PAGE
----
The Universally Perfect, All-Seasons Bean Dish I Bring to Every Potluck
Twelve years of living in the southern U.S. taught me two things: Good manners go a long way, and it isn’t a party, potluck, tailgate, or baby shower without cowboy caviar.
If you’ve never had the pleasure of tasting this ubiquitous bean salad, it’s a little like if a bean salad and salsa had a delicious, chip-ready baby. Some folks call it Dixie caviar, and others call it Texas caviar, but the basics of the dish are always the same: Canned beans, crisp veggies, and tangy tomatoes get tossed in a spicy lime dressing and served alongside tortilla chips.
Why I Love Cowboy Caviar for Potlucks
Cowboy caviar is my go-to potluck party contribution. Not only is it super easy to prep ahead, but it also keeps well at room temperature, and doesn’t become a food safety issue in warm temps. Plus, it meets a wide number of dietary restrictions with ease. And it happens to be one of those dishes that works well as a side on its own or as the start of a really good salad. Toss it with a bag of prepared coleslaw cabbage and carrots and it might not even need extra dressing. It can be spooned atop grilled steaks or BBQ sandwiches with delicious results.
But what I love most about cowboy caviar for potlucks is that it’s a no-worry dish. I don’t worrying about keeping it cool, as it’s fine at room temperature. I don’t worry about how to serve it — I can literally put an open bag of tortilla chips next to it and walk away. I don’t have to worry about leftovers because there won’t be any. And I don’t have to worry about dietary restrictions: Even my vegan and gluten-free friends can enjoy it (although if I’m serving gluten-free friends I always check my chips — most tortilla chips are gluten free).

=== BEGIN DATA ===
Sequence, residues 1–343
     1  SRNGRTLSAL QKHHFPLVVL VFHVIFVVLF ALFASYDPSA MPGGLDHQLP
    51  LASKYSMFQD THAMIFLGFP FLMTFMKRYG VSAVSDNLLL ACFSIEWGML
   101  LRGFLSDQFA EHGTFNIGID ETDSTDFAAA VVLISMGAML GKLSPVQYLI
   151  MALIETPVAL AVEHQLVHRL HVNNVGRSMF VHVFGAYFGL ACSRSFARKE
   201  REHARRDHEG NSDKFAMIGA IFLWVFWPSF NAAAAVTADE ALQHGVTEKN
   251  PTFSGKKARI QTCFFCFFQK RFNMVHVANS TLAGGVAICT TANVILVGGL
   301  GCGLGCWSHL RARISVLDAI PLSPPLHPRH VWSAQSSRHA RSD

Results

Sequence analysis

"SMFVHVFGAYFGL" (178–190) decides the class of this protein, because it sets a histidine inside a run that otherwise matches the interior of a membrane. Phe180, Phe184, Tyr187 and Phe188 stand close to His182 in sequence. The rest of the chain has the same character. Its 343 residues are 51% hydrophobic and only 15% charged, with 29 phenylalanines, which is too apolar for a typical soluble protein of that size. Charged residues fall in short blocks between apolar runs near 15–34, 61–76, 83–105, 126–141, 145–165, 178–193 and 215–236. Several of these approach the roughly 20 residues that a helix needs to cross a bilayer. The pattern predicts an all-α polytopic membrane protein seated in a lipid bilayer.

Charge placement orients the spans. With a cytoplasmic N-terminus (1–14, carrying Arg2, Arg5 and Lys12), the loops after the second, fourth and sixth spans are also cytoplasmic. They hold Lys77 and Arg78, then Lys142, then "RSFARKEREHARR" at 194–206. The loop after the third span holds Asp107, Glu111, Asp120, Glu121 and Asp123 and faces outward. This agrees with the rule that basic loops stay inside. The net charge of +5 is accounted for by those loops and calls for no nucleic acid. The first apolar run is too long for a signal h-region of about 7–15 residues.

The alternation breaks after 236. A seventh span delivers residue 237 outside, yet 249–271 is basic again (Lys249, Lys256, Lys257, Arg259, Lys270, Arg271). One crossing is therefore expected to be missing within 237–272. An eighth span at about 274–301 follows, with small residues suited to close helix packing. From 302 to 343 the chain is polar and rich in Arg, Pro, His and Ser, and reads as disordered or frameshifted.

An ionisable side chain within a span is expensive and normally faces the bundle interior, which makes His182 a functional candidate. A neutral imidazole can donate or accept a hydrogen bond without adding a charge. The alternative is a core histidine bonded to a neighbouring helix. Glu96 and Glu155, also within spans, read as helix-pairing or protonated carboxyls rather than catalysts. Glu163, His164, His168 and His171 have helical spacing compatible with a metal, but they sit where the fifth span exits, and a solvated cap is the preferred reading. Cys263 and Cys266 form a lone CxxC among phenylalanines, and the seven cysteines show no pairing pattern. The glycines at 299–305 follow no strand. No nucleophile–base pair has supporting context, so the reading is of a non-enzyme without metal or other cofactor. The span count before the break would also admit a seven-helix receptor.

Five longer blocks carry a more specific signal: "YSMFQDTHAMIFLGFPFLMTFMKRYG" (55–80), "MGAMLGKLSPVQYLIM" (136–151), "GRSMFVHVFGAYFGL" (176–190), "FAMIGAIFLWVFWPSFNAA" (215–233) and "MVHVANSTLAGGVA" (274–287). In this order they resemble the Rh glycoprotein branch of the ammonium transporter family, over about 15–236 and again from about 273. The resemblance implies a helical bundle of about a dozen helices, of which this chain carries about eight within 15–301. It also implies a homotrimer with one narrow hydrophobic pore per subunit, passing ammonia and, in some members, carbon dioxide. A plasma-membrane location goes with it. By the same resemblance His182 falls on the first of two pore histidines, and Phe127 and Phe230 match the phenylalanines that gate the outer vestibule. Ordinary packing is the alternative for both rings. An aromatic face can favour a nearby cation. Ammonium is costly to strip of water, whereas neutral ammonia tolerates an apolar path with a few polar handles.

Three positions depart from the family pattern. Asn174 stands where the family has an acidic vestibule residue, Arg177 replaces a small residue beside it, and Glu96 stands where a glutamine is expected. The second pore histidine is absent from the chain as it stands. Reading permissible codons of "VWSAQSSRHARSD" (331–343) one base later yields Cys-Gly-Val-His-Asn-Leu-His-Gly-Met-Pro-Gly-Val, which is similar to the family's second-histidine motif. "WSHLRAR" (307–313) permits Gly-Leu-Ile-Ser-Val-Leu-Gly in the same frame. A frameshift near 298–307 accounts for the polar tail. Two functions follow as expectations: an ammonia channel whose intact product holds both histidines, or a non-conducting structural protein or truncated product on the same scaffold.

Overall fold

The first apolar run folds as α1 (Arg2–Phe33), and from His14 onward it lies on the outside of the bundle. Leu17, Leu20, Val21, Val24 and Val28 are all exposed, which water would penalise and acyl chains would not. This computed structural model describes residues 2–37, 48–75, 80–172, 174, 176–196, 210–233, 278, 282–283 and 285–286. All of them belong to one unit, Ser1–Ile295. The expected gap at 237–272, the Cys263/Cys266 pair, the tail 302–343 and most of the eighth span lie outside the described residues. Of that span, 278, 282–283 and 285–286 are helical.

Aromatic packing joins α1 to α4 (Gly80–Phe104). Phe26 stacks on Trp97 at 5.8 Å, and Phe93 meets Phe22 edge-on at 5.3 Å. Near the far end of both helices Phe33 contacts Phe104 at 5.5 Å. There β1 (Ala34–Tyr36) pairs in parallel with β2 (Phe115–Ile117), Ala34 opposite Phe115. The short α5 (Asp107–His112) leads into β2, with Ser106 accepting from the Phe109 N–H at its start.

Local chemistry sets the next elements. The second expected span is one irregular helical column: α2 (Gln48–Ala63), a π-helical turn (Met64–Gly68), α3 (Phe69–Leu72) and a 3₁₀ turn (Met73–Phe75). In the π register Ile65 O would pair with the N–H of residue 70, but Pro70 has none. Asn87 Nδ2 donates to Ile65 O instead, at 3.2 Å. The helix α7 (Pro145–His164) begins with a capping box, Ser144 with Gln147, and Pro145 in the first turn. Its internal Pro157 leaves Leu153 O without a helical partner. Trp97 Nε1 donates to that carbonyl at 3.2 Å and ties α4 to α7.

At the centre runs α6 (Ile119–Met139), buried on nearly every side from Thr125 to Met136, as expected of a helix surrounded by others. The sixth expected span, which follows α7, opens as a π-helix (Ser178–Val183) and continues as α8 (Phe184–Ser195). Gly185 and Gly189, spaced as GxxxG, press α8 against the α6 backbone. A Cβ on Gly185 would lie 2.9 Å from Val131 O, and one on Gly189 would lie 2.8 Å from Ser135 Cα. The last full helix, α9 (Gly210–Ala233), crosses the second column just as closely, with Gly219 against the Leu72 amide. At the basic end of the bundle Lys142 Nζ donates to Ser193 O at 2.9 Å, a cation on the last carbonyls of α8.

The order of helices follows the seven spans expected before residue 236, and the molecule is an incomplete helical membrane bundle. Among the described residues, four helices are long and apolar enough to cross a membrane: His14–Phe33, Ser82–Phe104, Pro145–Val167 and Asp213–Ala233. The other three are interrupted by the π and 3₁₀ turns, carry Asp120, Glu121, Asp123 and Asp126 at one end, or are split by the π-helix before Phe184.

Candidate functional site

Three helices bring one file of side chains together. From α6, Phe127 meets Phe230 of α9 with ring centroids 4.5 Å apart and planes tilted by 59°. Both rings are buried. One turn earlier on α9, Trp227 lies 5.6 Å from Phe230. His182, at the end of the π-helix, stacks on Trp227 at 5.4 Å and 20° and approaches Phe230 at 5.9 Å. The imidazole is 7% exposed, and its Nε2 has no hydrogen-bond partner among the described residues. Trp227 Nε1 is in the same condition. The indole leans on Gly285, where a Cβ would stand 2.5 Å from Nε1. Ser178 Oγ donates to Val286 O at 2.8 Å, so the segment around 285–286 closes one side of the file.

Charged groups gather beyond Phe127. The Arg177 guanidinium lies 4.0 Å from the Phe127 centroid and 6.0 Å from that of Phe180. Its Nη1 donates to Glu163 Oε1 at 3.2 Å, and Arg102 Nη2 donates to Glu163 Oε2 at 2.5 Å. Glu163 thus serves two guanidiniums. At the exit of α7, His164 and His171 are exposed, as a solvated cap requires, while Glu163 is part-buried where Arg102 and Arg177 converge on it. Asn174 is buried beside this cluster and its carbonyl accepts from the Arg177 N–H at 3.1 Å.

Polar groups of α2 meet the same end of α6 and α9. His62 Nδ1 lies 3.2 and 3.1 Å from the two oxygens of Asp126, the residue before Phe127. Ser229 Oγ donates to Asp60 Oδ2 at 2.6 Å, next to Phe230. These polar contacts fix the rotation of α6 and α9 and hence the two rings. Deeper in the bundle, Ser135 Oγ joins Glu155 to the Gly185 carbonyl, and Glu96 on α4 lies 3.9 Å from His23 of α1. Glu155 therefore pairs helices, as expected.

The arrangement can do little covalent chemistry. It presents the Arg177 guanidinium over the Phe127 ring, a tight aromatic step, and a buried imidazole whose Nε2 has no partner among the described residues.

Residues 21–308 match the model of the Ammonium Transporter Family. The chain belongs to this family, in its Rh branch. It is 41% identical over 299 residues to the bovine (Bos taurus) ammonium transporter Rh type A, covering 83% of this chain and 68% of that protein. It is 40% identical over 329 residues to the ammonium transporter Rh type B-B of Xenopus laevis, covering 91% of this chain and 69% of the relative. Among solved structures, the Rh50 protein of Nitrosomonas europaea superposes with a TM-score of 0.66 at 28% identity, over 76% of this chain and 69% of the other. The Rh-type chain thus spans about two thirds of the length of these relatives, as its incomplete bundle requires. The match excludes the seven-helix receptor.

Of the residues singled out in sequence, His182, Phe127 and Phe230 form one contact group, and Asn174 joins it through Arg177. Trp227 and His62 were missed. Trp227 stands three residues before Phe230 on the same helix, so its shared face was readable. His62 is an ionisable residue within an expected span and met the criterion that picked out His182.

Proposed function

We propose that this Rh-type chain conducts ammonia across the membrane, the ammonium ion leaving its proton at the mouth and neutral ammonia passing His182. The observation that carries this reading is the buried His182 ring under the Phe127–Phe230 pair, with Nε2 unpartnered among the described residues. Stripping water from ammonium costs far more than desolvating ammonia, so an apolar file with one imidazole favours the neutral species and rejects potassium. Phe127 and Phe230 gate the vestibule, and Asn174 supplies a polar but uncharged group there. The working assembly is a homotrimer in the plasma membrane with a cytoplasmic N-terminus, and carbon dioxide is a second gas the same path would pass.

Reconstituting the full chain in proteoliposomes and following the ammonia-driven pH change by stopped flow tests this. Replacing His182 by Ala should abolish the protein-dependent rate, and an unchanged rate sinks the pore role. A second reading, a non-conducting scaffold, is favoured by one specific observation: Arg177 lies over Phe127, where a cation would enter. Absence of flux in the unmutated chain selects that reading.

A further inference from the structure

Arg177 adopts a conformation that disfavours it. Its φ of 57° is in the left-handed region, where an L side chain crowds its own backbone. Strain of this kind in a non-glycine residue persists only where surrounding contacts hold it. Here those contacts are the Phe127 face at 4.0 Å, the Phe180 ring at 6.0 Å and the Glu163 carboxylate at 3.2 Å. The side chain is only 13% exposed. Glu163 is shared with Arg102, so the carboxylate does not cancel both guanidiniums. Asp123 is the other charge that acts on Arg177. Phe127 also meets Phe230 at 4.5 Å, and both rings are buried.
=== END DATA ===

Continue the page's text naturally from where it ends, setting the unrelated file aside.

How I Make Cowboy Caviar for a Crowd
Kitchn contributor (and my IRL BFF) Patty Catalano was the first person to introduce me to the kind of cowboy caviar that uses two types of beans — black beans (Texas) and black-eyed peas (Dixie) — and told me that I should always at least double the recipe.
In the summer, I use really ripe tomatoes and fresh sweet corn. When the weather cools off I opt for cherry tomatoes (sometimes I oven-roast them first, if I have time) and frozen or canned corn. A shallot swaps well for the red onion and I often use whatever herbs I have (or skip the herbs) — basically you can adapt this recipe a million ways and still have a party snack that everyone will love. Just don’t skimp on the garlic or the limey vinaigrette.
Get the recipe: Cowboy Caviar
At Kitchn, our editors develop and debut brand-new recipes on the site every single week. But at home, we also have our own tried-and-true dishes that we make over and over again — because quite simply? We love them. Kitchn Love Letters is a series that shares our favorite, over-and-over recipes.